What musical Hairspray and The Wire have in common

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Hairspray may have a reputation for high camp, but its Baltimore roots and its theme of racial integration make it mark it out as a radical production that runs parallel to hard-hitting crime drama The Wire. By Mark Fisher

It’s not often you hear Hairspray spoken of in the same sentence as The Wire. One of them is a campy piece of retro 60s frivolity, the other is a brooding drama of inner-city drug dealing, death and desperation. What two things could be less alike? But look a little closer and you start seeing the connections between the cult John Waters movie, which hasn’t paused for breath since being refashioned as a Broadway musical in 2002, and the five series of David Simon’s compelling HBO cop show.

They have two things in common: one is race, the other is Baltimore. It’s easy to forget that Hairspray is not just a nostalgic celebration of big hair-dos, mass-market entertainment and 60s-style pop music with an added dollop of oddball characterisation thrown in for good measure. It is all those things, of course, but it’s also a serious commentary on racial prejudice and social exclusion. Rushing home from school, the central character Tracy Turnblad lives for every episode of the Corny Collins Show. Joining in the dancing, she secretly knows she can match the show’s stars move for move.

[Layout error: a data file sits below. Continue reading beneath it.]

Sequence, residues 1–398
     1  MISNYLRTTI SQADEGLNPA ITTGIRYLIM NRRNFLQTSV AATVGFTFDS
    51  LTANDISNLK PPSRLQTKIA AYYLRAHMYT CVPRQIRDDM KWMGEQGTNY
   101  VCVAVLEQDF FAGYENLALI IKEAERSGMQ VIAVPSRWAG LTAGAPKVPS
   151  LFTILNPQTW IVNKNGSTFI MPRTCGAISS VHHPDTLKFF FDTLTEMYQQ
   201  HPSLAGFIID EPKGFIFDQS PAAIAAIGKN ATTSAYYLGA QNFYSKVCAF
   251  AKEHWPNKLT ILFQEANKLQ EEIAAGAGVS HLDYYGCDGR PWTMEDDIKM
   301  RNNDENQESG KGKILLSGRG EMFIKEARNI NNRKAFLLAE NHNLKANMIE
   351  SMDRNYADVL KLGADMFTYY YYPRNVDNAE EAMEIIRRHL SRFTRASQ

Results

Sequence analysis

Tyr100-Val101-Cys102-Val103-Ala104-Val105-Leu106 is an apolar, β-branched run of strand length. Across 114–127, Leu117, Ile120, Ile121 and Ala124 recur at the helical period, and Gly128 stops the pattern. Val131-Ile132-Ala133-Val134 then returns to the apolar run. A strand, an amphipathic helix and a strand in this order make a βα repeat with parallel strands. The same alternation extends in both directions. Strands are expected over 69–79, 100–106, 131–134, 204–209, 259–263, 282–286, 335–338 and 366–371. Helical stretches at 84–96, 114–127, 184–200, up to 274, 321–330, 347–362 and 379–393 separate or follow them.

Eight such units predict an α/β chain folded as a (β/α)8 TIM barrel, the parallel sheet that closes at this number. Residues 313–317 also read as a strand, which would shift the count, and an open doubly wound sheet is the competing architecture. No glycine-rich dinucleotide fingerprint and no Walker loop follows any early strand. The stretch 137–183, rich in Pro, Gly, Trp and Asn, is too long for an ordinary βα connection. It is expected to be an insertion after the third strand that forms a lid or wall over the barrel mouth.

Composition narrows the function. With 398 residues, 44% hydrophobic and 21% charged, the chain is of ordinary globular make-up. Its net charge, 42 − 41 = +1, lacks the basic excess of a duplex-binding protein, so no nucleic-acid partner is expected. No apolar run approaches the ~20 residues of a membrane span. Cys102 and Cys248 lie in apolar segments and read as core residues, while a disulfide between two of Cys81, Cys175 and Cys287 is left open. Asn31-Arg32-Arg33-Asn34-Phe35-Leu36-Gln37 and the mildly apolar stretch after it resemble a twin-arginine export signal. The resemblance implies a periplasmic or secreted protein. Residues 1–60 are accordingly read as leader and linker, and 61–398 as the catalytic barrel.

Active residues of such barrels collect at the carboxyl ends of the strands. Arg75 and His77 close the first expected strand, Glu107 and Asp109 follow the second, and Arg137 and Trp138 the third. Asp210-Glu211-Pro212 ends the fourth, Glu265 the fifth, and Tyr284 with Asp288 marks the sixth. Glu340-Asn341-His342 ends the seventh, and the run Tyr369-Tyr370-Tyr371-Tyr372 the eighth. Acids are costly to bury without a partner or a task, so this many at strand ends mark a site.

But the happy-clappy world of this youth TV show has a sinister edge. Yes, the young presenters are good looking; yes, they’re great movers; and yes, they would be courteous enough to bring home to your parents. But they are also exclusively white. And deliberately so. Under the jaded watch of studio executive Velma Von Tussle (played by Debbie Harry in the original movie and Michelle Pfeiffer in the remake), the Corny Collins Show is strictly segregated. This is 1962, three years before Martin Luther King began his protest marches and three years before black militant leader Malcolm X was shot dead. It was an era when black voices were routinely excluded from American society.